The Echinopsis Flying Saucer is a hybrid cactus variety with short and stout stems. It features up to 14 ribs throughout its structure. This plant can grow quite tall, reaching around 30 inches when fully mature. Native to parts of South America, it has several spines on its ridges.

Echinopsis haematantha

echinopsis haematantha

Echinopsis haematantha is an interesting and highly variable cactus species that comes in many forms and varieties. It is often a solitary cactus but may slowly form small clumps. Its flowers can be yellow, purple, with a white or yellowish-cream throat circle.

Echinopsis haematantha var. kuehnrichii

echinopsis haematantha var. kuehnrichii

Echinopsis haematantha var. kuehnrichii is a cactus species that exhibits significant natural variability, particularly in flower color. This variety stands out with slightly smaller solitary bodies that rarely cluster together. It has long black hooked spines. The flowers can range in color from red to orange and yellow, usually with a white throat circle.

Echinopsis hertrichiana

echinopsis hertrichiana

Also known as Lobivia hertrichiana, Echinopsis hertrichiana is a small cactus that can grow alone or form clumps. Each spherical body is about 2.5 inches long and up to 4 inches thick, with around 11-20 notched ribs. The densely interlocking yellowish spines almost completely cover the stem. This cactus is popular for its large, brilliant red flowers that bloom in clusters at the top of the stems.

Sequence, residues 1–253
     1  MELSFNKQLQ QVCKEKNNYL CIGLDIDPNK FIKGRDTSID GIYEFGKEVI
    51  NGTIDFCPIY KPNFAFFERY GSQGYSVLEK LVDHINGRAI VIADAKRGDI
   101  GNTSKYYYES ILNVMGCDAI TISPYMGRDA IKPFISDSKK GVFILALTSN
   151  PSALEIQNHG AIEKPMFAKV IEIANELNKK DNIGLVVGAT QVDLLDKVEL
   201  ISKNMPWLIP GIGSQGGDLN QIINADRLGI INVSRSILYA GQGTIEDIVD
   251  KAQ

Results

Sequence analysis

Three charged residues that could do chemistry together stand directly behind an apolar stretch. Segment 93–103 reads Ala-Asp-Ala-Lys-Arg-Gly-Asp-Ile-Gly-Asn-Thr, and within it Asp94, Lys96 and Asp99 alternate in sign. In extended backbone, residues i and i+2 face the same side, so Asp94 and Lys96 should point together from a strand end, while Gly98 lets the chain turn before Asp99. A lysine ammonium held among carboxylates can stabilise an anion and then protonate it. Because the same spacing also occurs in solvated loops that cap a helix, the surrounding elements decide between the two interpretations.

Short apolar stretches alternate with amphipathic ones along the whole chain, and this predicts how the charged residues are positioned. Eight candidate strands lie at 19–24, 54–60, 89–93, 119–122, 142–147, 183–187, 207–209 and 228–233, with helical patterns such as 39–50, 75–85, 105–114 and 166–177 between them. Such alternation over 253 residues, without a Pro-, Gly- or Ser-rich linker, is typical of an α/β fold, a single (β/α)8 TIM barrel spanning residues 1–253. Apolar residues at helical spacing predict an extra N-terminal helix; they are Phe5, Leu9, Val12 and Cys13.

Echinopsis huascha

echinopsis huascha

Echinopsis huascha, previously known as Lobivia huascha or Trichocereus huascha, is a decorative cactus widely found in cultivation and capable of growing in various conditions. Its beautiful large flowers vary in color from brilliant golden yellow to dark red. Measuring about 4 inches in length, the flowers cluster at the top of the plant. The flowers have a shorter tube compared to other species, and they only bloom during the day.

Echinopsis lageniformis

echinopsis lageniformis

Echinopsis lageniformis, commonly called Trichocereus bridgesii, is a fast-growing columnar cactus that grows as a shrub or small tree. In Bolivia, it is known as Achuma or Wachuma. It can reach heights of 6 to 16 feet and branches moderately. The pale green stem has a slight glaucous appearance. The names Achuma and Wachuma are used for related species like Echinopsis pachanoi, which are also known for their psychedelic effects.